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Pediatric Head Trauma Medication

  • Author: Michael J Verive, MD, FAAP; Chief Editor: Timothy E Corden, MD  more...
Updated: Dec 31, 2015

Medication Summary

Medical therapy is directed at controlling intracranial pressure (ICP) through the administration of sedatives and neuromuscular blockers, diuretics, and anticonvulsants.


Neuromuscular Blockers, Nondepolarizing

Class Summary

Nondepolarizing neuromuscular blockers are used in combination with a sedative as part of the rapid-sequence intubation process or as a means of controlling ICP.



Vecuronium is used to facilitate endotracheal intubation and provide neuromuscular relaxation during intubation and mechanical ventilation. It is given as an adjunct to a sedative or hypnotic agent.


Anticonvulsants, Barbiturates

Class Summary

Barbiturates are used as adjuncts for intubation in patients with head trauma and in the management of elevated ICP. They may also be used as anticonvulsants. Their use must be accompanied by appropriate hemodynamic monitoring, as they may cause profound hypotension and apnea/hypopnea.



Thiopental is the drug of choice for endotracheal intubation of patients with head injury. It also decreases the ICP. Thiopental facilitates transmission of impulses from the thalamus to the cortex, resulting in an imbalance in central inhibitory and facilitative mechanisms.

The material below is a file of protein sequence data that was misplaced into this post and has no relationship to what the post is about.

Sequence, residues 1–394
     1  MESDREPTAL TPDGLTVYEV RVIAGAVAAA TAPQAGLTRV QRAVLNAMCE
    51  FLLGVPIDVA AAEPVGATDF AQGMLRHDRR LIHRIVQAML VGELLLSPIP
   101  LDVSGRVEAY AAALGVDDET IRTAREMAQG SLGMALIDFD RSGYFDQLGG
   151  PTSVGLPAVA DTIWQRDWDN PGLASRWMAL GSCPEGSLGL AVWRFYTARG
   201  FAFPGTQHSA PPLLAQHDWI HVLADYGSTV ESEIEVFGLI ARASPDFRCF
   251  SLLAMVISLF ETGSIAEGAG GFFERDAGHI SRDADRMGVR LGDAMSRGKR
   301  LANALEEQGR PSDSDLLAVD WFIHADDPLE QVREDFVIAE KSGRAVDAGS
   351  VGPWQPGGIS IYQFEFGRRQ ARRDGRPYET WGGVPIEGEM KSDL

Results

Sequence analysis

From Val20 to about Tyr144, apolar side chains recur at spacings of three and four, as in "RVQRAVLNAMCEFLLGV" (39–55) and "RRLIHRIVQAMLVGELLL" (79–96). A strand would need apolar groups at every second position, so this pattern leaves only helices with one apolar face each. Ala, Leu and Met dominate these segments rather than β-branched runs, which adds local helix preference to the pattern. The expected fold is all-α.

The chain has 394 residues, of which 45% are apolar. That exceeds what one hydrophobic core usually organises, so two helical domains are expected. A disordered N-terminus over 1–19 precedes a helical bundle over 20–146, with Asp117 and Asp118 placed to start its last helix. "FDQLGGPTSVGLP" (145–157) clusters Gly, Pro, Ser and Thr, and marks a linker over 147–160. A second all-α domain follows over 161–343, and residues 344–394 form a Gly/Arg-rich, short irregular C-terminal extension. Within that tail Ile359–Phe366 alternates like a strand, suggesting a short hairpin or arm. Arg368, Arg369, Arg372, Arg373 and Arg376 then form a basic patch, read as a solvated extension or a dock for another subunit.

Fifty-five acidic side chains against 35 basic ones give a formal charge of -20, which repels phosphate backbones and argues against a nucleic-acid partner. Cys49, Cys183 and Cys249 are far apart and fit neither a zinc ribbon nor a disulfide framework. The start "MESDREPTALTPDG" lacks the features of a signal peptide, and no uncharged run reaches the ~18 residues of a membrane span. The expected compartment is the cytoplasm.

Pentobarbital (Nembutal)


Pentobarbital is a short-acting barbiturate with sedative, hypnotic, and anticonvulsant properties. It may be used in high dosages to induce barbiturate coma for treatment of refractory increased ICP.



Phenobarbital is used for seizure control in patients with head trauma.


Anxiolytics, Benzodiazepines

Class Summary

Benzodiazepines may be used to obtain immediate control of seizure activity or as adjuncts to narcotics and neuromuscular blockers for control of ICP. Prolonged use of these drugs may alter neurologic examination findings.



Midazolam is a short-acting benzodiazepine with a rapid onset of action. It is useful in treating increased ICP.

Lorazepam (Ativan)


Lorazepam is a long-acting benzodiazepine used as an anticonvulsant for the immediate control of seizure activity.



Class Summary